The 2010 C-Class is aimed at two audiences, but in Sport form it approaches the BMW 3-Series for that elusive perfect blend of handling and ride.
Two V-6 engines provide the C-Class' power. The 2010 C300 offers up a 228-horsepower, 3.0-liter V-6 engine, while the C350 Sport antes up a 268-horsepower, 3.5-liter V-6. The two V-6 engines are fairly similar in performance-ConsumerGuide comments that the "C300 models provide good acceleration" in all driving conditions-but the C350's added power is noticeable under full-throttle acceleration and in more sporting driving. Mercedes-Benz quotes a 0-60 mph time of 7.1 seconds for the C300, and 6.1 seconds for the C350; both are rated at a 130-mph top speed. Edmunds thinks the new C-Class models "are no quicker than the cars they replace" and calls performance estimates "somewhat optimistic." ConsumerGuide says they're "credible," though, and reports the performance "is stronger at all speeds, particularly in highway passing." Car and Driver adds the C350 is "powerful enough to make short work of tight passing situations as well as sorting out everyday traffic."
The C300 has a standard six-speed manual or optional seven-speed automatic, but the C350 can only be had with the automatic. TheCarConnection.com's editors haven't experienced the manual-transmission C-Class; Kelley Blue Book muses that it "brings out the C300's playful side." The far more common seven-speed automatic shifts cleanly and offers a manual-shift mode for more engaged drivers, but it can feel slow to respond. Car and Driver says it's "milkshake smooth in full auto mode, with ratios well matched to the engine's broad torque band." Kelley Blue Book thinks the manual mode's a waste: "slow-to-come shift points make it more enjoyable to just leave the lever in the 'D' position." ConsumerGuide observes the "automatic transmission operates smoothly but can be slow to downshift for more power" and "slow to respond to manual shift inputs."
Fuel economy checks in at 18/26 mpg for the C300 Luxury and the C300 Sport with the manual transmission; it's 18/25 mpg for the Luxury AWD and for the Sport automatic. The C350 is rated at 17/25 mpg. The C-Class range is primarily rear-wheel drive, but the C300 can be ordered with 4Matic all-wheel drive, which is set with a 45:55 rear torque bias and shifts more torque to the front wheels as the rears begin to slip.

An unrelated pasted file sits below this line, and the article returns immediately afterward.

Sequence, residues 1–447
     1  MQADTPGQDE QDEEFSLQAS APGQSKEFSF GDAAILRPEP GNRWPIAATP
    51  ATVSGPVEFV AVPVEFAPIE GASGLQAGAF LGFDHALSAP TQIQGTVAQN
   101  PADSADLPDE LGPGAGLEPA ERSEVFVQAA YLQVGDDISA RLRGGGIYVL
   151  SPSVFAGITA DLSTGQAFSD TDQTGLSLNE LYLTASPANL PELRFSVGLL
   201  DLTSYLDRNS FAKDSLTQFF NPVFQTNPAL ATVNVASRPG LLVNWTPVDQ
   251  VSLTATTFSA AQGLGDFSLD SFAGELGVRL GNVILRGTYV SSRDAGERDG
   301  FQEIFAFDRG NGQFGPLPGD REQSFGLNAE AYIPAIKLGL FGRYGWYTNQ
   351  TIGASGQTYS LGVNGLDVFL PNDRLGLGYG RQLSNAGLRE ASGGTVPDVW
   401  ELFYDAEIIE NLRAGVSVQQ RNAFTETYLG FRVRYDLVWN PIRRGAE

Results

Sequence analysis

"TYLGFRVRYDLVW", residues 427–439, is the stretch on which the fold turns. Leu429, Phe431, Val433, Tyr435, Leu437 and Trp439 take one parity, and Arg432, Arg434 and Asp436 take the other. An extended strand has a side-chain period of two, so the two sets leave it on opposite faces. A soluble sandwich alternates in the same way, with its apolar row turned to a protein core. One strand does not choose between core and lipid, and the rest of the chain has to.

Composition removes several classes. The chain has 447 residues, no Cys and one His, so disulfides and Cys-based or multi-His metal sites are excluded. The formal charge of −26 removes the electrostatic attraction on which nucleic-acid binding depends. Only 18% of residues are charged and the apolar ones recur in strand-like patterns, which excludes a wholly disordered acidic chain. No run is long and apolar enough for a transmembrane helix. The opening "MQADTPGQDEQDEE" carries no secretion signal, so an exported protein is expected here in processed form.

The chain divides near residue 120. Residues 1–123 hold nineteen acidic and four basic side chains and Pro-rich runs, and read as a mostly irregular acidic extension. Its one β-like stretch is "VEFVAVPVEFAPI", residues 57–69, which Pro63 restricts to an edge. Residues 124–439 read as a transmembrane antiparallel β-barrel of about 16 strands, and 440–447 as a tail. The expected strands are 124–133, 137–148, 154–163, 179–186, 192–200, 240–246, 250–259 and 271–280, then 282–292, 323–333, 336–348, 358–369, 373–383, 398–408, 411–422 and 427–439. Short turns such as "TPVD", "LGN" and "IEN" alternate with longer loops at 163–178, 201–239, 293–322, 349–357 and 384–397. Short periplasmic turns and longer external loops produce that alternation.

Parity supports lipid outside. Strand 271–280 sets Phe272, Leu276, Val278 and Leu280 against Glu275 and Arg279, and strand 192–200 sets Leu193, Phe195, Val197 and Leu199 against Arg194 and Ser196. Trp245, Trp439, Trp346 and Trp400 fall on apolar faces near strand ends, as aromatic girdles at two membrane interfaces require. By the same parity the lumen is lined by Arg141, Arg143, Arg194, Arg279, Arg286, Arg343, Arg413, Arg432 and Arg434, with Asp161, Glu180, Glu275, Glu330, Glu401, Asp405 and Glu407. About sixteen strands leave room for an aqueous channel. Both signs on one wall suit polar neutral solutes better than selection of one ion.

Handling in this generation of C-Class has improved greatly, and Sport models are ever closer to the standard set by BMW. Edmunds offers high praise: "this C-Class comes closer to the vaunted BMW 3 Series than ever before," thanks to its "substantially revised chassis." ConsumerGuide mentions the "surefooted aplomb and little body lean" the C-Class exhibits when cornering. All C-Class sedans have an Agility Control suspension, which uses mechanical switches to change suspension tautness and reduce body motion, while still giving the C-Class a well-controlled ride. "Despite its sportier character," Edmunds observes, "the C-Class is never harsh on the road." The same Sport/Comfort button that speeds up gearchanges and throttle response feeds more feel into the steering and stiffens the suspension. Even so, steering response is quicker in this new C-Class than in former versions, but it's not quite as direct as BMW's 3-Series. Cars.com agrees, claiming the "new C-Class offers a nice blend of ride comfort and handling performance," though "brake pedal feel is average."
The Sport versions are highly recommended by TheCarConnection.com, because the ride quality doesn't suffer much at all for its more aggressive tuning. The Sport sedan also gets bigger wheels and brakes, as well as a dual exhaust to go with its lower, more tightly sprung suspension. And for 2010, Mercedes-Benz is adding a "Dynamic Handling Package" to the rear-drive Sport sedans; it fits the suspension with electronically controlled shocks, even faster steering, and AMG 18-inch wheels.